Friday, January 4, 2019 /27 Tevet, 5779
Parashat Va’eira Exodus 6:2-9:35
Open the bottle! The four cups of wine at Passover find their origin in this week’s Torah portion.
Our text comes from the earliest interactions of Moses and God, prior to the first plague, when God is establishing a relationship with Moses and Aaron. We read (Ex. 6:6-7) “Wherefore, say unto the children of Israel, I am the LORD, and I will bring you out from under the burdens of the Egyptians, and I will deliver you from their bondage, and I will redeem you with an outstretched arm and with great judgments; and I will take you to Me for a people.
The sages of the rabbinic period, who designed Judaism, wrote the prayer book, and crafted the Haggadah and the Passover Seder, found their inspiration for the four cups of wine – and the four questions and the four children – here in these verses. Note the four verbs expressing redemption: I will BRING you out, I will DELIVER you, I will REDEEM you, and I will TAKE you; each of these corresponds to one of the four cups which are drunk at the Seder.
The message is that what might look like a simple structure for the Seder, actually is grounded in a textual foundation. There is reason and design behind the structure. Each cup reminds us of one of these verbs of deliverance, and each one draws us nearer to our promise of freedom and life in the land which God has promised.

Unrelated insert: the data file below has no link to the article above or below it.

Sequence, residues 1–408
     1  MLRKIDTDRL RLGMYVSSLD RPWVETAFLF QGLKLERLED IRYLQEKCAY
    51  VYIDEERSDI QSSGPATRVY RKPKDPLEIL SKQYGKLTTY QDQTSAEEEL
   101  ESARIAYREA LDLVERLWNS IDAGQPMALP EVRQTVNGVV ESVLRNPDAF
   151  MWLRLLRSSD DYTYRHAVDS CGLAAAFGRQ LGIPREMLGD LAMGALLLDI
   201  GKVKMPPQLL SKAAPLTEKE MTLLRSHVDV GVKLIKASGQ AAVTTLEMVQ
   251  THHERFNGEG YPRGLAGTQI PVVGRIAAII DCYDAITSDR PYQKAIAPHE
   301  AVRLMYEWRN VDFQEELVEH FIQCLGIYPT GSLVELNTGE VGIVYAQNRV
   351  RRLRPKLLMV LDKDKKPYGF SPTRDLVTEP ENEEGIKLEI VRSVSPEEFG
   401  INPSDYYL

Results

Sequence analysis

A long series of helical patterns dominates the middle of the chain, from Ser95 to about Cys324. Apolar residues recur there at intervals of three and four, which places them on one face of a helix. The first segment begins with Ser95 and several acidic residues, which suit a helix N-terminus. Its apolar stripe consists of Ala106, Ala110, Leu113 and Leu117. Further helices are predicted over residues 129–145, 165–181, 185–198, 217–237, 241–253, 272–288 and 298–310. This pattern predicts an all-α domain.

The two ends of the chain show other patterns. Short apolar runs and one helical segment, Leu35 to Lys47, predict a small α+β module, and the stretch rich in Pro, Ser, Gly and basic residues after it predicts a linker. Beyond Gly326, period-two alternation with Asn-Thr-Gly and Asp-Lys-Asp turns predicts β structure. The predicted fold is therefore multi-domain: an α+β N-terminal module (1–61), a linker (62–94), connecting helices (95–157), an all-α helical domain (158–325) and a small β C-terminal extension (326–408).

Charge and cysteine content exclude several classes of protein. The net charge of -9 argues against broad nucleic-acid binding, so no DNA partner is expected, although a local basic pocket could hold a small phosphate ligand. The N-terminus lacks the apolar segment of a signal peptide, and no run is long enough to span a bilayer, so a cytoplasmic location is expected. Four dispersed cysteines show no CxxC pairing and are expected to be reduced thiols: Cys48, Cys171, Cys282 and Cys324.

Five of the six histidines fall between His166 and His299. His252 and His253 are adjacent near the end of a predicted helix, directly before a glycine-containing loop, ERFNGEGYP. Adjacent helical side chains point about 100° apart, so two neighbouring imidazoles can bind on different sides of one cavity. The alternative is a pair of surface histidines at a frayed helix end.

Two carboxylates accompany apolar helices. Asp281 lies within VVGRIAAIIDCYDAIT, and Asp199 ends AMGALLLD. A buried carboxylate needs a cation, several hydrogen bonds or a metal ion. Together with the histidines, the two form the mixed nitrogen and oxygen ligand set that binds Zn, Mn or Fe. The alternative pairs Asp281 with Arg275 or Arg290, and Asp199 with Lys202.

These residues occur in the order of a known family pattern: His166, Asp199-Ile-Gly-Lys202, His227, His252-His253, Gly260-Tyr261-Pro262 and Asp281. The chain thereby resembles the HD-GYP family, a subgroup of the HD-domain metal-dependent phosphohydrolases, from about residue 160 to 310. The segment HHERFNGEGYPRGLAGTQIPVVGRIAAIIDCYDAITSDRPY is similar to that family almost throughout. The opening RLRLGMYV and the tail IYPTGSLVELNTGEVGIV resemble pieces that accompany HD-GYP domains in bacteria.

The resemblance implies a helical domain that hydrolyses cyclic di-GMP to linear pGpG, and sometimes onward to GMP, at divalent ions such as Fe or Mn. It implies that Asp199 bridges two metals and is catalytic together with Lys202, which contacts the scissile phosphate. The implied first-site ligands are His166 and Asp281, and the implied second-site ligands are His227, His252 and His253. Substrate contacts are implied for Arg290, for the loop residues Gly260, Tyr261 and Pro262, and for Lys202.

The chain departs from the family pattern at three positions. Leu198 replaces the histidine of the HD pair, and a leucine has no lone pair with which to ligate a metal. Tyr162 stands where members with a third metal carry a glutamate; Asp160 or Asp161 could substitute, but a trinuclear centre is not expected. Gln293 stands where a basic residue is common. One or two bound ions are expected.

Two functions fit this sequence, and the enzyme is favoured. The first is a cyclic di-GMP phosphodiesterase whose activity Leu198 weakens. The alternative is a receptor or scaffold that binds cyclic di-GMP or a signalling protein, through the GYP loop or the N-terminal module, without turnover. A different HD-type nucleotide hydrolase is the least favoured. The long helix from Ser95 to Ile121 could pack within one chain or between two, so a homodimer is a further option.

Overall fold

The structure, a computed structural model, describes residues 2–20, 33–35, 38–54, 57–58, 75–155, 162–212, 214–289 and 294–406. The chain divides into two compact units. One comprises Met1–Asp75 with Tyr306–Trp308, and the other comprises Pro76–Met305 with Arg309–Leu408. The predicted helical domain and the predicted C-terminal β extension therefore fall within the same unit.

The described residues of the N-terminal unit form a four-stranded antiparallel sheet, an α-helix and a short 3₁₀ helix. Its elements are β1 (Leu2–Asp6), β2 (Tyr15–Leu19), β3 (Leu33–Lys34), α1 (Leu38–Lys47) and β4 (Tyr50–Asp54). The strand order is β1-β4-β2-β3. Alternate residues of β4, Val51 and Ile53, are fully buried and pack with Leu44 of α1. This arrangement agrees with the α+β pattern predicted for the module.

Furthermore, note the ontological order of the verbs: bring, deliver, redeem, take. They are not synonyms, but rather, are built each upon the previous. God cannot take us to be a people, until and unless we are redeemed, delivered and brought out of Egypt. Similarly, we cannot be redeemed and find value in our peoplehood, until we have been brought out of Egypt and delivered from servitude.
It is helpful and insightful to discover the foundations which undergird our rituals and practices. It allows us to find greater meaning in each Jewish behavior, and inspires us to seek new meanings, as well.
And, we just might want to open a bottle (of Manischewitz?) in January!
Rabbi Doug Kohn